Automatic Transmission founded in 1883 by Thomas L. Sturtevant
An automatic transmission, also called auto, self-shifting transmission or AT. Automatic Transmission is a type of motor vehicle transmission that can automatically change gear ratios as the vehicle moves, freeing the driver from having to shift gears manually.
The Sturtevant family business was founded in 1883 by Thomas L. Sturtevant, with this aim of satisfying the increasing need for mechanization in the fertilizer industry. Thomas’s son Lawrence, and his nephew Thomas J. Sturtevant, came to work for him-Thomas bringing with him a degree from the Massachusetts Institute of Technology. Sturtevant soon branched out into the automatic field and designed various improvements including vacuum brakes and automatic engine lubrication transmission that paved the way for today’s automatic cars.
At the time, one of the biggest headaches for designers in the fast evolving car industry was simply getting the power from the engine to the wheels. His solution was the engine from the wheels. His solution was innovative, put initially a failure. His first automatic car of 1904 used the centrifugal force of the car increased, the spinning action caused these weights to swing outward, where they would eventually engage with a band that shifted the car from low to high gear. The design was flawed and often the weights would fly apart under the stress. But the concept of a car automatically changing gear was proven.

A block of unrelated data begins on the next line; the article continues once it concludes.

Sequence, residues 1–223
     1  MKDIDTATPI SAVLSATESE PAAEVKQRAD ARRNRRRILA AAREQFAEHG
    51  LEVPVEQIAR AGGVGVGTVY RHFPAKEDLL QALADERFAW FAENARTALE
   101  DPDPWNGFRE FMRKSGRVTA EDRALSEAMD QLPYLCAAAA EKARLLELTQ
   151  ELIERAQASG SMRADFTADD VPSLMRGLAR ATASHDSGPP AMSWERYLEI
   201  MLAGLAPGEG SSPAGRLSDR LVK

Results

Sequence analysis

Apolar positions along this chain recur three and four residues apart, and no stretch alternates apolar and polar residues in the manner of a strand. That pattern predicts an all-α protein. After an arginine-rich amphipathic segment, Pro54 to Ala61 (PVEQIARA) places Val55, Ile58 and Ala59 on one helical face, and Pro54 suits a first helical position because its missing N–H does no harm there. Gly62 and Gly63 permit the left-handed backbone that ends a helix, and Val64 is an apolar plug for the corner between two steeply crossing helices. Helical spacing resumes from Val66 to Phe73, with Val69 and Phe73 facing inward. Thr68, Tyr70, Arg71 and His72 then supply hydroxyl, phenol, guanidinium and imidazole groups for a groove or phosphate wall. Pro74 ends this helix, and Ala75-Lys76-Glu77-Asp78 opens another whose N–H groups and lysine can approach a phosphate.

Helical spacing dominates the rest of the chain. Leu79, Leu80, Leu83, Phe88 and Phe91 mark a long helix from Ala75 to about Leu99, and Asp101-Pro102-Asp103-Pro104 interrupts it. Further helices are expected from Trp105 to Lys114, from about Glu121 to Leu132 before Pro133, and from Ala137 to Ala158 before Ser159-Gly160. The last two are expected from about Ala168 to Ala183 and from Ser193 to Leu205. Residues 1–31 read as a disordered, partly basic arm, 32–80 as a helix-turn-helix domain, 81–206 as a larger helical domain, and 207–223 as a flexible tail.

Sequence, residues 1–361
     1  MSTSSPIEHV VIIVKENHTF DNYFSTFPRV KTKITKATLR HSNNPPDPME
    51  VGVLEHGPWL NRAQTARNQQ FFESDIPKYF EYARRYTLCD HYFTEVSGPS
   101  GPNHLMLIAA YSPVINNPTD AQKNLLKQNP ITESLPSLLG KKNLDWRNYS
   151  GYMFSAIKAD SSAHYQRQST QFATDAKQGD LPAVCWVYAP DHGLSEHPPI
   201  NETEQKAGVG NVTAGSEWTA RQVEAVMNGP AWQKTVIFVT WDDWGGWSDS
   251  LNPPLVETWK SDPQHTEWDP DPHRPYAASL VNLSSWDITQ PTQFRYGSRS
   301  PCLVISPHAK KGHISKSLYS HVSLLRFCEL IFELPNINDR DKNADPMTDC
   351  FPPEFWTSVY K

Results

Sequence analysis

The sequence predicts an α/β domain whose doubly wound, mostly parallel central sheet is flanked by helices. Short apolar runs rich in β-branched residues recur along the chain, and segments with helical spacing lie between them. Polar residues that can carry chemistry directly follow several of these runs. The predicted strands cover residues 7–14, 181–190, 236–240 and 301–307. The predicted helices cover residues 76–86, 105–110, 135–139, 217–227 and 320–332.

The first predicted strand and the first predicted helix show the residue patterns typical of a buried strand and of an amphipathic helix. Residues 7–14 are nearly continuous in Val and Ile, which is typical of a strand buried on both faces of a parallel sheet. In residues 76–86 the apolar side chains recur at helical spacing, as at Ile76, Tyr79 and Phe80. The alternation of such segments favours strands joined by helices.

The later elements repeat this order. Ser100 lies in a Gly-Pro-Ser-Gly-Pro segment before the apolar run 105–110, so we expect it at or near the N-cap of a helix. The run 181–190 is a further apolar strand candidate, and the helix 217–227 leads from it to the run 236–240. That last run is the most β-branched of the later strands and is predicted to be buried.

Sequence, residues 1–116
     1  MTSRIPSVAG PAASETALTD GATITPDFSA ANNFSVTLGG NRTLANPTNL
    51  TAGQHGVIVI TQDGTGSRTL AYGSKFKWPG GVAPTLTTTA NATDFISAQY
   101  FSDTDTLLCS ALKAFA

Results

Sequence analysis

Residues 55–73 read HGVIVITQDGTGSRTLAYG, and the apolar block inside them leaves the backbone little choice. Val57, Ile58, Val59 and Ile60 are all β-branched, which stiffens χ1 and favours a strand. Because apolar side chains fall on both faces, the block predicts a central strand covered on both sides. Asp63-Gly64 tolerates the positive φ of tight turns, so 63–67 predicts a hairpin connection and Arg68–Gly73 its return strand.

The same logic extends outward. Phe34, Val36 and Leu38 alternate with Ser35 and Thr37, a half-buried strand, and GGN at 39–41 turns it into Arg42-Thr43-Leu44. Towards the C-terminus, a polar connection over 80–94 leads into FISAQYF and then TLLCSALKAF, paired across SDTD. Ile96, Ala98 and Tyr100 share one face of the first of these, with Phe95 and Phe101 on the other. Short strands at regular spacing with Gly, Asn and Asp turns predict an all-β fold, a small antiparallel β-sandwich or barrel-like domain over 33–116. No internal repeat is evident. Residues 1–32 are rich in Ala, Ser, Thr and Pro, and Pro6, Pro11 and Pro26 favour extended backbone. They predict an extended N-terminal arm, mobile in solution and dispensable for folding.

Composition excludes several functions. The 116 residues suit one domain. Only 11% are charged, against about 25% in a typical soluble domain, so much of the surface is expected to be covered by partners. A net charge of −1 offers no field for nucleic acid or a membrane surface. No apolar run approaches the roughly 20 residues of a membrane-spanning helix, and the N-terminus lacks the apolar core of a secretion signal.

Despite various experimental attempts to come up with a practical automatic car, the initial costs, reliability, and lack of demand meant that it was several decades before the automatic became a common site on the road.
The automatic transmission was invented in 1921 by Alfred Horner Munro of Regina, Saskatchewan, Canada, and patented under Canadian patent CA 235757 in 1923.
The first automatic transmission using hydraulic fluid may have been developed in 1932 by two Brazilian engineers, José Braz Araripe and Fernando Lehly Lemos; subsequently the prototype and plans were sold to General Motors who introduced it in the 1940 Oldsmobile as the “Hydra-Matic” transmission.